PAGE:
£18000 - £32000 per annum: Recruitment Genius: A Telesales Executive is requir...

Ashdown Group: Marketing Manager - B2B, Corporate - City, London

£45000 - £50000 per annum + benefits : Ashdown Group: A highly successful, glo...

Neil Pavier: Commercial Analyst

£50,000 - £55,000: Neil Pavier: Are you a professionally qualified commercial ...

Day In a Page

General Election 2015: The masterminds behind the scenes

The masterminds behind the election

How do you get your party leader to embrace a message and then stick to it? By employing these people
Machine Gun America: The amusement park where teenagers go to shoot a huge range of automatic weapons

Machine Gun America

The amusement park where teenagers go to shoot a huge range of automatic weapons
The ethics of pet food: Why are we are so selective in how we show animals our love?

The ethics of pet food

Why are we are so selective in how we show animals our love?
How Tansy Davies turned 9/11 into her opera 'Between Worlds'

How a composer turned 9/11 into her opera 'Between Worlds'

Tansy Davies makes her operatic debut with a work about the attack on the Twin Towers. Despite the topic, she says it is a life-affirming piece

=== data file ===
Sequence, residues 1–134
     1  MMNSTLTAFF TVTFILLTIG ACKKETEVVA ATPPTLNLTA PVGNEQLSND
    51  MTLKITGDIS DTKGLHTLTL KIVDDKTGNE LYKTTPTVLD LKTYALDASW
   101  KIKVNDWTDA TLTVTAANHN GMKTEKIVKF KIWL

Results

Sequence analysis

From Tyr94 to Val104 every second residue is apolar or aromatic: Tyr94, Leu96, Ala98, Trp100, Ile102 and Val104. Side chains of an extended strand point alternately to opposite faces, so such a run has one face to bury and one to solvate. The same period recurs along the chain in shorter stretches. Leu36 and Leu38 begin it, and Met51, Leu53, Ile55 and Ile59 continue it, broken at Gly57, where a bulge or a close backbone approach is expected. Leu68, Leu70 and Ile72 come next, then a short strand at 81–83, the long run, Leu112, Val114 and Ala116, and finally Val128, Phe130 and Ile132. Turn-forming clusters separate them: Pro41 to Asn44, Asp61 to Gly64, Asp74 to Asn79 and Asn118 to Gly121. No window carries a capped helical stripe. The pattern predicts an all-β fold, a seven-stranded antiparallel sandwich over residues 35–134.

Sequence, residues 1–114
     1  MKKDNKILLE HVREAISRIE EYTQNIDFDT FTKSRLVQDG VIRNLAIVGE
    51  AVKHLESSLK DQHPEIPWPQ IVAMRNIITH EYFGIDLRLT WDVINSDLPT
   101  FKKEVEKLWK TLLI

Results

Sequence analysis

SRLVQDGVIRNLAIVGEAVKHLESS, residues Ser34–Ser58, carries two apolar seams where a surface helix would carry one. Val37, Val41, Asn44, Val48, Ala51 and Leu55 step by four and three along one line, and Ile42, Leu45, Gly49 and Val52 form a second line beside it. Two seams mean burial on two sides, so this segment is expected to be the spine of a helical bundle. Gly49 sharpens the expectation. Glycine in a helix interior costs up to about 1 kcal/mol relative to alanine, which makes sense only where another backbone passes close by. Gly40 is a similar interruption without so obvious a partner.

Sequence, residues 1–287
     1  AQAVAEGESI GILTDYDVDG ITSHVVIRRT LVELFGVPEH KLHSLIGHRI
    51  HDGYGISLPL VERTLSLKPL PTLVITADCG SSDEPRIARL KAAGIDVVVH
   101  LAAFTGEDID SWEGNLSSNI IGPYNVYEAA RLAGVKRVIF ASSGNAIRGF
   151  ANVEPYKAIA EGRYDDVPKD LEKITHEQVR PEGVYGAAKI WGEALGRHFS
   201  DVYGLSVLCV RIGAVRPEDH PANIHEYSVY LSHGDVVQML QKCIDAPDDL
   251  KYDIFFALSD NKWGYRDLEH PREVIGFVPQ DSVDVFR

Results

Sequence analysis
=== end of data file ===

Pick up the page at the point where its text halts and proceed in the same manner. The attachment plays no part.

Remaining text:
11 best bedside tables

11 best bedside tables

It could be the first thing you see in the morning, so make it work for you. We find night stands, tables and cabinets to wake up to
Italy vs England player ratings: Did Andros Townsend's goal see him beat Harry Kane and Wayne Rooney to top marks?

Italy vs England player ratings

Did Townsend's goal see him beat Kane and Rooney to top marks?
Danny Higginbotham: An underdog's tale of making the most of it

An underdog's tale of making the most of it

Danny Higginbotham on being let go by Manchester United, annoying Gordon Strachan, utilising his talents to the full at Stoke and plunging into the world of analysis
Audley Harrison's abusers forget the debt he's due, but Errol Christie will always remember what he owes the police

Steve Bunce: Inside Boxing

Audley Harrison's abusers forget the debt he's due, but Errol Christie will always remember what he owes the police
No postcode? No vote

Floating voters

How living on a houseboat meant I didn't officially 'exist'
Louis Theroux's affable Englishman routine begins to wear thin

By Reason of Insanity

Louis Theroux's affable Englishman routine begins to wear thin
Power dressing is back – but no shoulderpads!

Power dressing is back

But banish all thoughts of Eighties shoulderpads
Spanish stone-age cave paintings 'under threat' after being re-opened to the public

Spanish stone-age cave paintings in Altamira 'under threat'

Caves were re-opened to the public
'I was the bookies’ favourite to be first to leave the Cabinet'

Vince Cable interview

'I was the bookies’ favourite to be first to leave the Cabinet'
Election 2015: How many of the Government's coalition agreement promises have been kept?

Promises, promises

But how many coalition agreement pledges have been kept?
The Gaza fisherman who built his own reef - and was shot dead there by an Israeli gunboat

The death of a Gaza fisherman

He built his own reef, and was fatally shot there by an Israeli gunboat